Pop-up art takes NoBo by storm

Longtime home to the Lincoln Theatre, and most recently Homeport Gallery, the King-Lincoln District is no stranger to the Columbus arts scene. But the neighborhood has never experienced anything like what is to come this summer.

Rooms to Let Temporary Art Space has announced its summer series of pop-up projects and exhibitions, which culminate in a neighborhood crawl on May 18. The event will present over ten exhibitions and projects from local and regional artists; creations span a multitude of mediums including sound, interactive performance, a massive camera obscura, invasive sculpture, text, and art “in the dark”.

28 artists will be represented in the crawl, which will lead visitors from house to house along N 20th and 21st streets in Homeport’s North of Broad neighborhood in the King-Lincoln District. Food carts will also be present, celebrating both the artists and the neighborhood in which these pieces live.

Rooms to Let supports projects that are social, individual, site-specific, collaborative, and multi-disciplinary. Artists are asked to acknowledge both the status of the house and the property's role within its neighborhood; the primary goal is in bringing a neighborly familiarity to contemporary art practice. Through incredibly diverse and experimental projects, Rooms to Let supports a rare mix of artists and visitors who leave considering the function of art and place, and, of course, the opportunities of unoccupied homes.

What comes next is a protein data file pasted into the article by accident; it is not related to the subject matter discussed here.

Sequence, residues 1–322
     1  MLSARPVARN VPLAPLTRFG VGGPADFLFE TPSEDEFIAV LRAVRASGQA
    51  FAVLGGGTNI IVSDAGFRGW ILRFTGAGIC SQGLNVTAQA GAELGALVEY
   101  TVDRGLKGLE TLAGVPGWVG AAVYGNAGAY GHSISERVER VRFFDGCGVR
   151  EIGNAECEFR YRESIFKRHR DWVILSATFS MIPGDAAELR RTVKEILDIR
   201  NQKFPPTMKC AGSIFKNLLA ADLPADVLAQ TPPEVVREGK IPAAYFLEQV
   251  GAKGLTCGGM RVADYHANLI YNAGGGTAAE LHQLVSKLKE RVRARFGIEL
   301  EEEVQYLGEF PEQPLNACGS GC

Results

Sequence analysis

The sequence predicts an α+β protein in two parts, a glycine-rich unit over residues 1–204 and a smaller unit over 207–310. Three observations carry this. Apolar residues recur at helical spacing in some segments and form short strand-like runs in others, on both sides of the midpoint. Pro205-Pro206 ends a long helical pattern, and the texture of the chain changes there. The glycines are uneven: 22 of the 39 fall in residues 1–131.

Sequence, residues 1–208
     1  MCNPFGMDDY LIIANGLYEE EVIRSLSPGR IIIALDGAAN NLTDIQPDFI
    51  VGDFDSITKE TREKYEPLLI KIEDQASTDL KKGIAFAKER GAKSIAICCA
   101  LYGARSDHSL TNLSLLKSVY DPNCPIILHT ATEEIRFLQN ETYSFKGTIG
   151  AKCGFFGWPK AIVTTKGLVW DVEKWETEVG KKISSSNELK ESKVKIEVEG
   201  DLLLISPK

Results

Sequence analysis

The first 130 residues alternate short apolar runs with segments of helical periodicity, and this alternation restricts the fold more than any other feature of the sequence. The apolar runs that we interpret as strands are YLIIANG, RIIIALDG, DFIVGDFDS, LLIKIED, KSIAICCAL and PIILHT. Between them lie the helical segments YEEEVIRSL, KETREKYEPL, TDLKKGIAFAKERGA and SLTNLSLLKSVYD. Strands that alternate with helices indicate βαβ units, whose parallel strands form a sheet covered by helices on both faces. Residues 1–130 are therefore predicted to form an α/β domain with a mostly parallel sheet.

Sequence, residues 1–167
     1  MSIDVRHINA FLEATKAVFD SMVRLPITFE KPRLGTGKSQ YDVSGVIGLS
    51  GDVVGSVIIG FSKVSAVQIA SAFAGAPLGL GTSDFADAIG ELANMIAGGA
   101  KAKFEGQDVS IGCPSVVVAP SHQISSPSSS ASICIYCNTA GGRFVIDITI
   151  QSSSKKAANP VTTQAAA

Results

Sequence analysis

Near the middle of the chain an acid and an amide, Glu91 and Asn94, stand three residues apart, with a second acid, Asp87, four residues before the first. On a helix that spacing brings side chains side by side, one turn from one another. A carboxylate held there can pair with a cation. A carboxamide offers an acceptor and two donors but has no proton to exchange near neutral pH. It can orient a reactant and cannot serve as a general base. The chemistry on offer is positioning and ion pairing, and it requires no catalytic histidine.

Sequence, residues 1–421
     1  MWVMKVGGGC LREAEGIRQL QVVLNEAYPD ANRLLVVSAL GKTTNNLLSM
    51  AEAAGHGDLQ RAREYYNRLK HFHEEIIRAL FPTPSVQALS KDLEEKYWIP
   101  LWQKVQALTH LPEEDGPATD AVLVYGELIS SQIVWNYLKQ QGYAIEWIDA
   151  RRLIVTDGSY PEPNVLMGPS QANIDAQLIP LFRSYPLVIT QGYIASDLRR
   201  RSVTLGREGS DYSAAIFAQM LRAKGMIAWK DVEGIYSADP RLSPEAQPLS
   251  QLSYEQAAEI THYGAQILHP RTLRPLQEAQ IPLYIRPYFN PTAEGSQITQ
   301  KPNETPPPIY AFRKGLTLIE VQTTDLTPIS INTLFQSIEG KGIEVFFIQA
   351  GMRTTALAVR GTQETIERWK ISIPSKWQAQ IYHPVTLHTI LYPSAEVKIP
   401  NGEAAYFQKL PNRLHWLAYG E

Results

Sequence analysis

You can RSVP on Facebook by clicking here. 

----

About Rooms to Let

Rooms to Let was founded in 2010 by local artist and curator Melissa Vogley Woods as a means to provide artists the opportunity to work in diverse environments. By placing artists within an anomalous environment, Rooms to Let challenges the traditional constructs of an exhibition space and supports the local development of contemporary art and public art projects.  http://roomstolettemporaryartspace.com 

Rooms to Let supports projects that are social, individual, site-specific, collaborative, and multi-disciplinary. Artists are asked to acknowledge both the status of the house and the property's role within its neighborhood; the primary goal is in bringing a neighborly familiarity to contemporary art practice. Through incredibly diverse and experimental projects, Rooms to Let supports a rare mix of artists and visitors who leave considering the function of art and place, and, of course, the opportunities of unoccupied homes.